New York

Maureen Gallace

Nicole Klagsbrun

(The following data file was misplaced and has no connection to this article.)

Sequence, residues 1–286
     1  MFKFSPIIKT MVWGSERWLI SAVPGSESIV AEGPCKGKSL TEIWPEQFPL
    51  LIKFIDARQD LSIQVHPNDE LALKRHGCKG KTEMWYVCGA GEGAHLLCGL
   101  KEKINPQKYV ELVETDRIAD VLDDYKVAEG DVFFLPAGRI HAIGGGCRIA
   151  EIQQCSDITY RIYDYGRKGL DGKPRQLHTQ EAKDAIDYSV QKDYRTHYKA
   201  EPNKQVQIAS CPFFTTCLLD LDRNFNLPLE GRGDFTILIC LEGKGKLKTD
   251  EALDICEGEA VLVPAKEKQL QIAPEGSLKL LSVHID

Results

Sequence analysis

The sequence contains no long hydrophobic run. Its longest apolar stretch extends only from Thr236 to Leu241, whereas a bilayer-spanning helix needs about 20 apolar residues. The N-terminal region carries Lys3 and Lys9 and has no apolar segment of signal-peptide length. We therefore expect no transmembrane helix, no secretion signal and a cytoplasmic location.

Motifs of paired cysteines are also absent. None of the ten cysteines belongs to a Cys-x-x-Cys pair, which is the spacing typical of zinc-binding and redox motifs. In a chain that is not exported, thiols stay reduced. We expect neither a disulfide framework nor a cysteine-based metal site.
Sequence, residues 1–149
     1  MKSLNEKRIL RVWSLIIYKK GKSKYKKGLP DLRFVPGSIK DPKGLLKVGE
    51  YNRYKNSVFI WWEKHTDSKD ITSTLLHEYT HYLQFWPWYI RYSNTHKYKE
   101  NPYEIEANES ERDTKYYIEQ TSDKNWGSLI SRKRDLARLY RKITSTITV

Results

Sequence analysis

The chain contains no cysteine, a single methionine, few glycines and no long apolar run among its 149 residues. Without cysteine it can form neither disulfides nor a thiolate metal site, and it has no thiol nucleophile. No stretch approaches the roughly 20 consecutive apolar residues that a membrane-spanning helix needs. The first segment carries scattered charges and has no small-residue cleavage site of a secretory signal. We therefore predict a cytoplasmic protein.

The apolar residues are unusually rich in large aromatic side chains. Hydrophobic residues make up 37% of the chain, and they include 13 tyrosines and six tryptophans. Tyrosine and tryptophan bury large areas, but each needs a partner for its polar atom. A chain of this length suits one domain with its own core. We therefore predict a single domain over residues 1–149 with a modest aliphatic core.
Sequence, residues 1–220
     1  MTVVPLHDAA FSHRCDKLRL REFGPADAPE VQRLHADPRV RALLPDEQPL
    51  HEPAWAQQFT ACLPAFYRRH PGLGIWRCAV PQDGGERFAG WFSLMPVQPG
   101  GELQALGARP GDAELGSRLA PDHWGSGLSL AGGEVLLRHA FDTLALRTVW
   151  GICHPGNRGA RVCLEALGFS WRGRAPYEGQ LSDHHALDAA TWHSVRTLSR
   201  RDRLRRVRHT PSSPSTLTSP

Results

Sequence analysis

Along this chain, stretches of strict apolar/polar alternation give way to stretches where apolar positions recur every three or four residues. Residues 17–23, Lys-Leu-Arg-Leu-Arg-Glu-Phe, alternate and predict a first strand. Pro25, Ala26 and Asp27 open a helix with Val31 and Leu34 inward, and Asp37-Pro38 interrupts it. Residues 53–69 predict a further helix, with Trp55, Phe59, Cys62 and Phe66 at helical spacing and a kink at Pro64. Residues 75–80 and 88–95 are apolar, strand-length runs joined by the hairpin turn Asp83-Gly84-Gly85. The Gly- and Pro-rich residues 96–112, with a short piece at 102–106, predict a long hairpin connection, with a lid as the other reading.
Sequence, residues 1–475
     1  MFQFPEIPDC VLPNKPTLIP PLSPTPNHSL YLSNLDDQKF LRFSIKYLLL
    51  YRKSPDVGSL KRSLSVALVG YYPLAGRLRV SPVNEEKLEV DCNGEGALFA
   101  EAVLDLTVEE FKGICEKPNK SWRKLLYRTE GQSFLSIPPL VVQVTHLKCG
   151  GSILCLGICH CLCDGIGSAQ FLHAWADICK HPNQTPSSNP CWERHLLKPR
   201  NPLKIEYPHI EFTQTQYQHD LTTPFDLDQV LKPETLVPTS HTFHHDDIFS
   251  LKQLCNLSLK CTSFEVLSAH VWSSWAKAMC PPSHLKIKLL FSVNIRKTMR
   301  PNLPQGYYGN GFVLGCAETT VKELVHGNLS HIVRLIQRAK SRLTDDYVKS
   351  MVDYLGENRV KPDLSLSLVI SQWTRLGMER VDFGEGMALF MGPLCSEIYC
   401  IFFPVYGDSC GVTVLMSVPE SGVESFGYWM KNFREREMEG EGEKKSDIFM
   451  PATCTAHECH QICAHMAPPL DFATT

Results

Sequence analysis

To trace the lineaments of American landscape painting is to open up a thousand vistas, many imaginary or fantastic, some microscopic, and others immeasurable. Maureen Gallace stakes our a humble stretch, an acre or so, with a horizon bounded by low trees, maybe some water in the foreground, and a couple of houses hunkered down in the middle. It’s a deceptively simple formula. Such reductions have been stock in trade for other landscape painters, such as Albert York, who reveal the paradoxical in the simple. Gallace erases from her landscapes all descriptive detail beyond the play of light on typical forms—gable-roofed house, crescent-shaped boat, mounded, pyramidal tree, arched bridge. Her uninhabited scenes are not records of specific places so much as the essential memories of them. The two snowscapes in her recent show conjured nor winter bur the assignment of picturing winter in

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